Today is Amazon Prime Day. It’s a day (or two) of deep discounts on everything from electronics to apparel and household items. But the highly publicized event has grabbed headlines instead for timed global protests and a work stoppage in Minnesota. Some Amazon staff are upset with working conditions and employment policies. Amazon has not publicly responded—and what happens next is an important case study in handling an internal comms crisis.
Crisis management may be the topic du jour in the communications industry, but it still seems like with every new day, another big brand or Fortune 500 company with massive PR resources is enmeshed in some kind of crisis. Why do they keep screwing up? And how can you make sure your brand is ready to do better when crisis strikes?
Companies may expend tremendous energy and time to find the right influencer for their brand. Unfortunately, they often fail to look deeply into an influencer’s past for clues of potential future behavior. Although many details surrounding a recent incident in Denmark remain unclear, it reminds us of the need for companies to research the reputation of influencers before going into business with them.
Companies frequently look for images to help convey ideas internally. For KFC, the image of a basketball team is applied to crisis management. Ahead of the PRNEWS webinar, “Crisis Management Tips to Keep You Cool in the Hot Seat,” July 25, KFC’s global public affairs manager Tori Carter explains basketball’s application to crisis. She also discusses the element of surprise in crisis simulation.
This month Katie Paine looks at two crises in organizations that couldn’t be more different. First she analyzes the so-called mysterious deaths of Americans in The Dominican Republic; then she looks at scandal-plagued Deutsche Bank. The two took different crisis management approaches, though both ended up with similar results.
We rarely cover live events in this publication. PRNEWS senior content manager Sophie Maerowitz gave us a reason to make an exception. She attended a PRSA session featuring former Hearst executive Joanna Coles, who offered so many interesting tips and tactics that we had to share them with you. Here are some gems from the sharp yet blunt mind of Coles.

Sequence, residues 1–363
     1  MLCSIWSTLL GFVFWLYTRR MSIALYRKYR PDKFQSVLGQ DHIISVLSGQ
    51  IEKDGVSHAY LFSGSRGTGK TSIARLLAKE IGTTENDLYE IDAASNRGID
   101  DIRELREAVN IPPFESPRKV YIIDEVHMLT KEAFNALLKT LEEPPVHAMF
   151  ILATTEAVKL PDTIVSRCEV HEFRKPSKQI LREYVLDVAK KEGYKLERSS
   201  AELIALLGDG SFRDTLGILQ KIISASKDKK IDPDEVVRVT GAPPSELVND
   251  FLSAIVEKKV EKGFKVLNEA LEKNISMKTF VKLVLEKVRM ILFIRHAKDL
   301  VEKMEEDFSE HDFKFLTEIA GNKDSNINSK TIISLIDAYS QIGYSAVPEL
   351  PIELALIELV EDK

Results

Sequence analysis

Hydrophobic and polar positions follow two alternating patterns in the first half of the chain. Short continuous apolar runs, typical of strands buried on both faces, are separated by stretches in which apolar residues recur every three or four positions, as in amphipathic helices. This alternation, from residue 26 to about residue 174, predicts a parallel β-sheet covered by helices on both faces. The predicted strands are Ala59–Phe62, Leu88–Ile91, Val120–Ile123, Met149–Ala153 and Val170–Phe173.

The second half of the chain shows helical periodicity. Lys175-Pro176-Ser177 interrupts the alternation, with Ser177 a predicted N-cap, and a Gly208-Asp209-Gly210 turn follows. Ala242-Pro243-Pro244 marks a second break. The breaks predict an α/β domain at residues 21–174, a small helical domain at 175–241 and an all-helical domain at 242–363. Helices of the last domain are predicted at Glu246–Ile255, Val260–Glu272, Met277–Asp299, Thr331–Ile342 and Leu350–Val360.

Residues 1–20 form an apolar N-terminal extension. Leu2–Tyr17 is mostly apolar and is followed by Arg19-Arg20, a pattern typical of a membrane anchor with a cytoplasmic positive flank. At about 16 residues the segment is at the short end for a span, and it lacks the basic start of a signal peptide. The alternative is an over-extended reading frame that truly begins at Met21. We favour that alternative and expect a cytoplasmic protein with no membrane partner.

What are your choices for the top PR crises of 2019’s first six months? As is her custom, Solomon McCown & Company president Ashley McCown goes out on a limb, picking her top five and presenting them in this short video. Can you guess what her quintet of PR crises will be? One hint: her top picks involves a global brand that was a leader in its sector, at least it was prior to its crisis.
If “purpose” is to last as one of PR’s top buzzwords, brands need to step up their game. Already in the past few weeks we’ve seen Nike forced to adjust its purpose concerning treatment of pregnant spokespeople. Now Google, which espouses free speech, among other lofty values, is warning staff there will be repercussions should they protest as Google employees during this weekend’s Pride festivities in San Francisco. Apparently for Google, free speech has its limits.
Big corporations can often find themselves in the middle of a crisis, whether intentional or unintentional. Google’s success contributed to the dominant wealth of Silicon Valley, and the corresponding real estate increases. Other companies have also been caught in the crosshairs of natural, ethical and cultural disasters. Their response or silence can determine future success. What are the key tactics for companies to emerge graciously from a fall from favor?
Nur Ashour, founder of cooking blog Catastrophic Cook, took to Twitter over the weekend to report that she was harassed “for wearing a hijab.” The incident occurred at a Dallas Starbucks. At first glance, it might seem to be a case of a brand being dragged into a potential crisis. Going deeper, that’s not quite it. Ashour’s complaint is against the woman who harassed her, but also includes Starbucks employees who, she alleges, did not come to her aid.